Amedeo Modigliani (1884-1920) is remembered for having lived hard, died young and painted brilliantly. Alongside Picasso, Matisse and a number of other artists we now regard as masters of modernism, he made his home in bohemian Paris at the start of the 20th century.
He’d moved to the French capital in 1906, aged 21, from his hometown of Livorno in Tuscany. In his cramped studios in Montmartre and later Montparnasse, Modigliani painted a host of portraits and nudes, on which his reputation largely rests. However, for a brief spell between around 1910 and 1914, he also took to making sculpture.
Just 26 of Modigliani’s sculptures survive, and one of the very few examples in private hands — this limestone head, Tête — sold in the Impressionist and Modern Art Evening Sale at Christie’s New York on 13 May for $34,325,000.
‘It’s incredibly rare for his sculptures to come to market, as he produced so few of them,’ says Jessica Fertig, Senior Vice President of Impressionist and Modern Art in New York. ‘Tête is considered one of the finest examples still available.’
The reason for Modigliani’s switch to sculpture isn’t clear. Some have seen it as a response to a drop in buyer interest for his paintings at that time; others cite the growing influence of his friend and neighbour, Constantin Brancusi, the trailblazing Romanian sculptor who had moved to Paris in 1904. Whatever the truth, during the four or so years in question Modigliani painted next to nothing.
He liked to carve straight into limestone or sandstone blocks, rejecting the example of Auguste Rodin, who made sculpture by modelling in clay. ‘Too much mud,’ he said disdainfully of the Frenchman’s process. Modigliani — like Brancusi — argued that real sculptors carved directly into stone.
Apart from two attempts at caryatids, all of Modigliani’s sculptures were of heads. A similar example to the one coming to auction in May realised €43.2 million when it was offered at Christie’s Paris in 2010, at the time a world-record price for a work by the artist in any medium.
‘When viewed in the round, the work is incredibly graceful and powerful. She appears like a goddess before us’ — Jessica Fertig
Modigliani’s heads are all highly stylised, with inspiration having come from far and wide. They’re best seen as an elegant fusion of elements from Egyptian, Khmer, Cycladic, early Christian and, above all, African sculpture — specifically, Baule figures from the Ivory Coast and Fang masks from the Gabon. Like Picasso, Modigliani was captivated by what he saw in the Africa section of the Palais du Trocadéro ethnographic museum.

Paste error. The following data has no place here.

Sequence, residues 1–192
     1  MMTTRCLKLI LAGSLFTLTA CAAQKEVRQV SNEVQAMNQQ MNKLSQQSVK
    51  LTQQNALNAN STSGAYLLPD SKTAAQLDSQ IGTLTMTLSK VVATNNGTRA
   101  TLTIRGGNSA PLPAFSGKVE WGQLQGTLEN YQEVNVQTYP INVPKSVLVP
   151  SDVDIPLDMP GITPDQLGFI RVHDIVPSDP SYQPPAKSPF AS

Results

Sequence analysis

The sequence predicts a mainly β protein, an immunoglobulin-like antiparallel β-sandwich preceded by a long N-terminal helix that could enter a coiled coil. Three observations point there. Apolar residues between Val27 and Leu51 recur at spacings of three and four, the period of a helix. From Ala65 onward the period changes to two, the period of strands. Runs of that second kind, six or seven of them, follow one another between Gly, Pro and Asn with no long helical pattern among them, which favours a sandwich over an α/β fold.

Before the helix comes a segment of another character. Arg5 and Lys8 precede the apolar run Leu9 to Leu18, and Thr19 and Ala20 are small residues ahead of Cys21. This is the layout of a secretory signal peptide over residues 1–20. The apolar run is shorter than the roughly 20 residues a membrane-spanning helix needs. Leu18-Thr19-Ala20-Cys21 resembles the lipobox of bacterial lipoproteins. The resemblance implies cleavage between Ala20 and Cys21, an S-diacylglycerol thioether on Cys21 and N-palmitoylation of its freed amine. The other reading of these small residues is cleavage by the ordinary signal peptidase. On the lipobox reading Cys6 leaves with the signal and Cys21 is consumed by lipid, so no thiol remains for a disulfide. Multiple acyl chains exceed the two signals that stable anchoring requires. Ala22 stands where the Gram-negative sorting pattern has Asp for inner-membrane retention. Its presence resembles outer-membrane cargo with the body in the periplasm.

Made between 1911 and 1912, Tête boasts every feature one has come to expect from a Modigliani head: the elongated face; blank eyes; sword-like nose; engraved, curlicued hair; tiny, pursed mouth; and pointed chin.
‘When viewed in the round, the work is incredibly graceful and powerful,’ says Fertig, ‘and the artist’s mastery of his medium is clear. Modigliani took great care to carve the details in the figure’s hair, which falls down her long neck, for instance — while the protrusion of the eyes, nose and mouth make her face seem mask-like. She appears like a goddess before us.’
Modigliani’s sculpting career was cut short in 1914, however, for health reasons. He suffered with tuberculosis most of his life, and dust from the stone he carved was harming his lungs. He duly returned to painting, and the canvases from his final years show a simplification of form clearly influenced by his sculptures — the portrait of his eponymous lover Jeanne Hébuterne (now in the collection of the Metropolitan Museum in New York) being a prime example.
It would be entirely wrong to think of Modigliani’s sculptures purely in relation to his paintings, though. Many accounts from those who knew the artist attest to just how seriously he took his work in three dimensions.
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Letters from his mother in Livorno, for example, were addressed to ‘Modigliani scultore’ [Modigliani the sculptor]. According to his friend, the British painter Nina Hamnett, he ‘always regarded sculpture as his real métier’. For another friend, the Chilean artist Manuel Ortiz de Zarate, Modigliani had a ‘real longing to work in stone, a longing that remained with him throughout his life.’ Stories even circulated of Modigliani putting lit candles on top of his sculptures at night-time and embracing them, converting his studio into some sort of shrine.
‘One can grasp Modigliani’s true genius only when considering his output in painting and sculpture,’ insists Fertig. ‘With pieces like Tête he brought to life the beauty and grace we know from his paintings in a three-dimensional way.’